There’s a little trick we sometimes play that is quite weak. We introduce it by saying that your brain cannot possibly pay attention to all of the sensory information coming at it, and we may use the metaphor of a cocktail party. At a cocktail party there are lots of voices, but hopefully you are focused on the one voice of the person you are speaking to. You inhibit (i.e. don’t listen to) the many voices, and clearly hear the one.

The trick is getting you to become aware of an un-important body area (e.g. the sole of your foot) and realising that until you shifted focus you were almost completely unaware of it. You had been inhibiting almost all sensory information from the sole of the foot. By changing focus you dis-inhibited the area.

In normal sensation and in pain, inhibition is controlled by the contextual importance of the body area.

·       If a body part is probably safe and isn’t being used in an important task then the area melts into the background of your awareness. This is the metaphorical ‘hum’ of a busy room of voices.

·       If a body part is potentially unsafe or if we need to use it for a highly specific task then we tune in! This is the single voice of your companion that you hear clearly at the cocktail party.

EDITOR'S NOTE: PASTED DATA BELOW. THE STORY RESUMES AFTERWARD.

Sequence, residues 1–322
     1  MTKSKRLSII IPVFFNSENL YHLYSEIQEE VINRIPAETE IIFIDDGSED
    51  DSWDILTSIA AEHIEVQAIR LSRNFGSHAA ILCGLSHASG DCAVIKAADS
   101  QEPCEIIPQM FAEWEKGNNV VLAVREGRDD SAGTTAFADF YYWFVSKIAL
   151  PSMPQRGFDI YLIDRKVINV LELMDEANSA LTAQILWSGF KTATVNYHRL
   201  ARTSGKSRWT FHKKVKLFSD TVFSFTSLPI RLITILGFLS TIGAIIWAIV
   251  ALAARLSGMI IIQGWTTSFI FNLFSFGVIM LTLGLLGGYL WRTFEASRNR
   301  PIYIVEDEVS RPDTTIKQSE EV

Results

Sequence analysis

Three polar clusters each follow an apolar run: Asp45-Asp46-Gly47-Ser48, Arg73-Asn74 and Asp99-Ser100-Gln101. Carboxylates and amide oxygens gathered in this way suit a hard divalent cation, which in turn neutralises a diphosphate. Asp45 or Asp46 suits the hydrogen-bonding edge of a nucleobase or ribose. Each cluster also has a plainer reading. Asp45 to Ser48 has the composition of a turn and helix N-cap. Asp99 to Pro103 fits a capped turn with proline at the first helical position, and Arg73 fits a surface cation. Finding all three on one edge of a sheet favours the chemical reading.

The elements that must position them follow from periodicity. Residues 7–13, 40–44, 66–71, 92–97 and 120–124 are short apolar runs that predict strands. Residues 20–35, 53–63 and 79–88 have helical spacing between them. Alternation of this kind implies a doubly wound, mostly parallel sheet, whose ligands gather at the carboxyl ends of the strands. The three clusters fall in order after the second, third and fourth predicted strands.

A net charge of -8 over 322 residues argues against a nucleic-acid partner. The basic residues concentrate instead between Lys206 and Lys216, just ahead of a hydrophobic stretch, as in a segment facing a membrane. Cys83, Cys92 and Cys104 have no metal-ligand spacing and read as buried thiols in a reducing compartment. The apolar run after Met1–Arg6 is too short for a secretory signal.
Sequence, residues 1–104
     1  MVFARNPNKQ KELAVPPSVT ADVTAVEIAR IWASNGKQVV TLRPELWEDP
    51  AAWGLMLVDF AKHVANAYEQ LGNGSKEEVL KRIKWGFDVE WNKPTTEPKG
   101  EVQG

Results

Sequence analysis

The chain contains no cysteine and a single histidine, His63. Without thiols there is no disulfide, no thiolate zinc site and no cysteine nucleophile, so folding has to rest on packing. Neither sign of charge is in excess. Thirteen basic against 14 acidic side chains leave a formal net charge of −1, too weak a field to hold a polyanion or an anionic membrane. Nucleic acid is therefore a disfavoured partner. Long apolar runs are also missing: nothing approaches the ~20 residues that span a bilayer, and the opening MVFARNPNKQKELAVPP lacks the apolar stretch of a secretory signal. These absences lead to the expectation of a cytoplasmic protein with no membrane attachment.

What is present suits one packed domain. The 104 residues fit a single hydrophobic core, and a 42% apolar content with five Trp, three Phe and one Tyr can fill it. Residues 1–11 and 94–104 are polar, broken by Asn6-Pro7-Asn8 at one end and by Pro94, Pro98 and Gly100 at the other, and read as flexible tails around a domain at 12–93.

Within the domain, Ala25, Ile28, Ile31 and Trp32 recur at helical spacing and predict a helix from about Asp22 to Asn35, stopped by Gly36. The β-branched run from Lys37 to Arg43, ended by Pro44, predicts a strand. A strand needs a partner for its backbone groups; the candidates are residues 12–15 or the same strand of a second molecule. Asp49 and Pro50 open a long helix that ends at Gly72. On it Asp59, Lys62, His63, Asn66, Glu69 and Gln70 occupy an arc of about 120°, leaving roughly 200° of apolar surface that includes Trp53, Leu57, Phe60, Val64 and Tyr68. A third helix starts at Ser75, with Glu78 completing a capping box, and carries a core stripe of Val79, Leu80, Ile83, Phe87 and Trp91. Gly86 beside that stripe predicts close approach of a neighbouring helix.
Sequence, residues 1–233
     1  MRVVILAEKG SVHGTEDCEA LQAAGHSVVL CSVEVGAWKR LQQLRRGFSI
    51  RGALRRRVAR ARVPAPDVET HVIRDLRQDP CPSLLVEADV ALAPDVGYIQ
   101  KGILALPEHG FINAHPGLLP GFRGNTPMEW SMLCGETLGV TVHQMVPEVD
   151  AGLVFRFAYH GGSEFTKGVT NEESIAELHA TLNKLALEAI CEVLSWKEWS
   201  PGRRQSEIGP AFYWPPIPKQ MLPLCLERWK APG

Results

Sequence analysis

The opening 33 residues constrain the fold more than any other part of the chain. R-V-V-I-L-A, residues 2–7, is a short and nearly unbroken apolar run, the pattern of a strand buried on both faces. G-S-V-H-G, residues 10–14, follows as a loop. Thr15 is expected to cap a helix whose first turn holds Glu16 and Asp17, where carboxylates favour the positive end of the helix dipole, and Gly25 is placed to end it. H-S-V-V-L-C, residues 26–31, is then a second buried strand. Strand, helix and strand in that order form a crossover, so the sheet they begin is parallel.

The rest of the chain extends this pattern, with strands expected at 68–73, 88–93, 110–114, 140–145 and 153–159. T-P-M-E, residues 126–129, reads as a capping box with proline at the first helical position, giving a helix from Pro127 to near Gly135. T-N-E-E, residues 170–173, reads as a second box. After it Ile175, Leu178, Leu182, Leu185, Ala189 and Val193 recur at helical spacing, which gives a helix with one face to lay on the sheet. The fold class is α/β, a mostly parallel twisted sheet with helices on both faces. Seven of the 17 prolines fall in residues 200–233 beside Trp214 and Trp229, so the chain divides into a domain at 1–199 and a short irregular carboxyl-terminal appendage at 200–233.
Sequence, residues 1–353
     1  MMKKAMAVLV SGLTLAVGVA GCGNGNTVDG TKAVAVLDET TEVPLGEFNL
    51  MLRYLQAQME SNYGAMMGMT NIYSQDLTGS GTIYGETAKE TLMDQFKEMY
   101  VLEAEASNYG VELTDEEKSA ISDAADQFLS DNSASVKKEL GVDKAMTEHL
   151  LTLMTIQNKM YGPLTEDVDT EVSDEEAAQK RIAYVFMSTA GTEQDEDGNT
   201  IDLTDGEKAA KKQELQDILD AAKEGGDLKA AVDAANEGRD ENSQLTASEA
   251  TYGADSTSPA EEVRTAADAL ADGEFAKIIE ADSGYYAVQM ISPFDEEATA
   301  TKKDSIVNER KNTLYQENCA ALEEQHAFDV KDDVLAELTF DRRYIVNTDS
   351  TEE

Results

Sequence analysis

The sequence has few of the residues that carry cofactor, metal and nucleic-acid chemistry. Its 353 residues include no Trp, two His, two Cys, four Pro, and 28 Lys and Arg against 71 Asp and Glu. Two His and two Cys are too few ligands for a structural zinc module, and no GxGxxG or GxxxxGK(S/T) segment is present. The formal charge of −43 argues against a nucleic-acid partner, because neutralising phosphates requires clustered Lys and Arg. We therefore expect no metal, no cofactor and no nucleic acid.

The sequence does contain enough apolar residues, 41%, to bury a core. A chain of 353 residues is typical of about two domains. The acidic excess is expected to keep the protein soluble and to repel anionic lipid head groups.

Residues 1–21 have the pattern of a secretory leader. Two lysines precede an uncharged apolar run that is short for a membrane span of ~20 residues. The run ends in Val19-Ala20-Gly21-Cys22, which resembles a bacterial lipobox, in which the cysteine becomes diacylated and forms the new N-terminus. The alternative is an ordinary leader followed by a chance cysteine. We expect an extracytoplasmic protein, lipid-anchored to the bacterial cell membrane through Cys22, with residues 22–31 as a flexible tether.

We spend most of our lives inhibiting sensory information. In long-term pain the opposite can happen and the pain system stops turning things down. This happens because there is enough credible information to suggest that the area is in danger. It is an attention-shift driven by the perception of danger.

It is possible to re-train your pain system to inhibit information. Like the trick above (i.e. deliberate super-awareness of a body part), you can deliberately relax your attention to a body area and have it melt into the background or dissolve into the crowd.

Learning to relax your attention to a painful part is much easier when you are really confident that the area is safe. Understanding your pain can help you to achieve this style of confidence. Working alongside a good clinician who is skilled in diagnosis and pain is also helpful. It is best to avoid gathering information that makes you feel threatened or in-danger, especially if the information is not accurate.

So instead of fixing the painful tissues, we need to assess whether or not the tissues are damaged at all. If a good clinical assessment tells us that they are not that bad –which is surprisingly common with long-term pain- then we need to work on re-calibrating the pain system. To do this we bombard the pain system with relevant, important, functional tasks plus heaps of reassurance that you are safe. Deadlifting is an excellent way to achieve this for people with back pain.